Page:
Amanda No Comments

Delaware Boat Registration Series – Part 2

Delaware boat registrationIn part one of our three part Delaware Boat Registration series we answered some frequently asked questions about how to register your boat in Delaware. Here in part two, we’re covering boat registration renewals, transfers, and deflagging/deleting.

When can I renew my Delaware boat registration? As mentioned in part one, Delaware boat registrations run on a calendar year. Beginning mid-October, registration renewal opens up. Therefore if your registration expires December 31st, you may renew beginning in mid-October.

What information do I need to renew my Delaware boat registration? You will need the information from your original registration, such as the hull number, boat registration/DL number and the exact individual or company name your boat is registered under. Please note if your boat is registered under a company name, the company needs to be in good standing with the State of Delaware and with its registered agent.

I need to renew, but my address needs to be changed. How do I change the address on my registration? Your address can be updated during the renewal or transfer process.

Can I use your address on my registration? Yes. If you’re an Incserv registered agent client, you can use our address on the registration.

How do I transfer my Delaware boat registration? Transferring registration is simple. You’ll need a notarized bill of sale and then you will complete a new application. For all the details on new applications, click here to check out part one of our series.

Can I deflag or delete my Delaware boat registration? Deleting your Delaware Boat registration is also commonly referred to as deflagging your boat. Like transferring registration, the process is easy. All you need is the registration number. This is the number that starts with DL on your registration card. The Delaware Department of Natural Resources (DNREC) can then produce a deletion letter. If the deletion letter needs to be apostilled for use abroad, we can help with that too!

As always, if you have additional questions or need assistance with boat registration, renewal, transfer, and/or deletion, give us a call or email us. We would be happy to help, as we courier boat registrations back and forth to DNREC several times a week for our clients.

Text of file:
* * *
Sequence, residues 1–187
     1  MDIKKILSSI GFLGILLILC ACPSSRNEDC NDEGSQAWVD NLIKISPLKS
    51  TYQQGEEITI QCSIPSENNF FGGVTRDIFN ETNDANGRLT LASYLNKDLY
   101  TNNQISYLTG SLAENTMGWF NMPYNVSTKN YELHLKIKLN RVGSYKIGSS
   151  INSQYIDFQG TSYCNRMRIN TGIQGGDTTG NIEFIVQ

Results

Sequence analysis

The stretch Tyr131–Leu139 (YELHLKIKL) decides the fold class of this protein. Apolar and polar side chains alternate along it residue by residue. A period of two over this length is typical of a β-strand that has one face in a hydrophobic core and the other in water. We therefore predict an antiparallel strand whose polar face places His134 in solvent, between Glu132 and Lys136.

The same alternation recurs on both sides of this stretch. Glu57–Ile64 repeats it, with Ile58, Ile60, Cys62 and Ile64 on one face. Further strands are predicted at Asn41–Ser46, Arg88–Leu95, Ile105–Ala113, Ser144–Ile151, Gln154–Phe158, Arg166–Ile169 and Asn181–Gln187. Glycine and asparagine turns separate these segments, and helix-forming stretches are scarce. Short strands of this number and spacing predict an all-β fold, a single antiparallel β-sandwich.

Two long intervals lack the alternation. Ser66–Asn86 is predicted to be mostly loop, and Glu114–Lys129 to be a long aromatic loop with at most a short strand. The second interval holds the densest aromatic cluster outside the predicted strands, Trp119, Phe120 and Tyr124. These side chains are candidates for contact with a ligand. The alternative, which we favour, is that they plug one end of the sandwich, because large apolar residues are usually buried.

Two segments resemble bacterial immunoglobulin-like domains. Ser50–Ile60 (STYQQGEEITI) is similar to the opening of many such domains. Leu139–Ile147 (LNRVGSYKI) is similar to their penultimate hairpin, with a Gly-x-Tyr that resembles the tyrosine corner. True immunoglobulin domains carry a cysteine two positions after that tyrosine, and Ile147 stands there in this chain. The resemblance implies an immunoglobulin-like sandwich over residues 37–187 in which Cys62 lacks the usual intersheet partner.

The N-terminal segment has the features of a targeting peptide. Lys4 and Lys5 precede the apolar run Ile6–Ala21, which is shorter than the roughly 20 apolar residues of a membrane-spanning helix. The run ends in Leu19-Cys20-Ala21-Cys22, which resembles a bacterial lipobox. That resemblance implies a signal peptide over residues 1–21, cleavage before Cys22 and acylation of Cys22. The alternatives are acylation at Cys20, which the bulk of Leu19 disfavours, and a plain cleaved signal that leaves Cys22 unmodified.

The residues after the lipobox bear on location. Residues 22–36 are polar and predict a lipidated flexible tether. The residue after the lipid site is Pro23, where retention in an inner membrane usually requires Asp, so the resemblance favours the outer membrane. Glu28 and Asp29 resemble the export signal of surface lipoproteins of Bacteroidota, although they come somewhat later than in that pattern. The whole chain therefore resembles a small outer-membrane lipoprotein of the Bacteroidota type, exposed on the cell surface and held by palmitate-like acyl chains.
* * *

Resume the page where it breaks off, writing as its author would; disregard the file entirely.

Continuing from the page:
Amanda No Comments

Delaware Boat Registration Series – Part 1

delaware boat registration“How does Delaware boat registration work?” or “I need to register my boat in Delaware. Can you help?”  are questions we often hear from clients.  Good news! The Delaware boat registration process is relatively quick and painless. Read on to get all the details broken down in an easy to follow question and answer format.

What documents will I need  for my Delaware boat registration?  All boats / vessels will need a completed Delaware Department of Natural Resources (DNREC) boat registration application.  New boats will also need a copy of the Manufacturer’s Certificate of Origin (MCO) or Builder’s Certificate assigned to purchaser(s) and Bill of Sale if Certificate of Origin or Builder’s Certificate is not assigned to purchaser(s), and a Federal or State Issued ID, such as a driver’s license or passport. For used boats, a copy of the title, registration (non-title states only), federal documentation (photocopy of seller’s most recent Certificate of Documentation), and if applicable, a lien release must accompany the application.  In many cases, a copy of notarized bill of sale with complete description of the vessel is also needed.

How long does the Delaware boat registration process take? Once we have all of your documentation, we can email you proof of registration within about three (3) business days. Originals will then be mailed or sent overnight.

What does the State of Delaware provide as proof of registration for my boat/vessel? DNREC provides a boat registration card and two (2) decals. A verification letter can also be obtained, if needed.

What does the Delaware boat registration card look like? The Delaware boat / vessel registration card is printed on white paper. They no longer provide a blue plastic registration card.

How long is Delaware boat registration good for? Delaware boat / vessel registrations are available in annual or three-year increments. Registration runs on a calendar year and is not prorated. Therefore, the fees will be the same and your registration will expire on December 31st, whether you register your boat/vessel in January or October.

What is the cost for a Delaware boat registration? Fees vary depending on the size of the boat and whether you choose a one (1) year or three (3) year registration term.  For example, in 2017,  a 10’ boat/vessel registered for one (1) year, is $20, but a 49’ boat / vessel registered for three (3) years is $300.